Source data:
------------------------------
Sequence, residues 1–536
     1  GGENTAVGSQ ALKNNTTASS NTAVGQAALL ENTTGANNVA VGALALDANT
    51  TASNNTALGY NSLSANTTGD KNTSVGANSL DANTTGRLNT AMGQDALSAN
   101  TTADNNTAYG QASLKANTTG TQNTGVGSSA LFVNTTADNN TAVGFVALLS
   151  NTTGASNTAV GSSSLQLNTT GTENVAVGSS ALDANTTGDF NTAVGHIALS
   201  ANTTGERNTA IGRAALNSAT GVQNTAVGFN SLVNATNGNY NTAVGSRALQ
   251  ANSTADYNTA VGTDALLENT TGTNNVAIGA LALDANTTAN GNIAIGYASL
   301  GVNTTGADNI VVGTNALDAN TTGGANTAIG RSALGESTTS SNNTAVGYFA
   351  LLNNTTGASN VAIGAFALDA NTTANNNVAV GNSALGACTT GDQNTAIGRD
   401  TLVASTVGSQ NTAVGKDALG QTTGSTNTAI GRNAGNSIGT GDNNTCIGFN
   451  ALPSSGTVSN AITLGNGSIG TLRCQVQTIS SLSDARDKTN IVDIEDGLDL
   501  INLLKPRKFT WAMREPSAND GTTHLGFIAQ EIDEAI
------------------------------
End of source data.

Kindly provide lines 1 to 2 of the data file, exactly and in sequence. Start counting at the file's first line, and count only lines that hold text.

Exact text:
Sequence, residues 1–536
     1  GGENTAVGSQ ALKNNTTASS NTAVGQAALL ENTTGANNVA VGALALDANT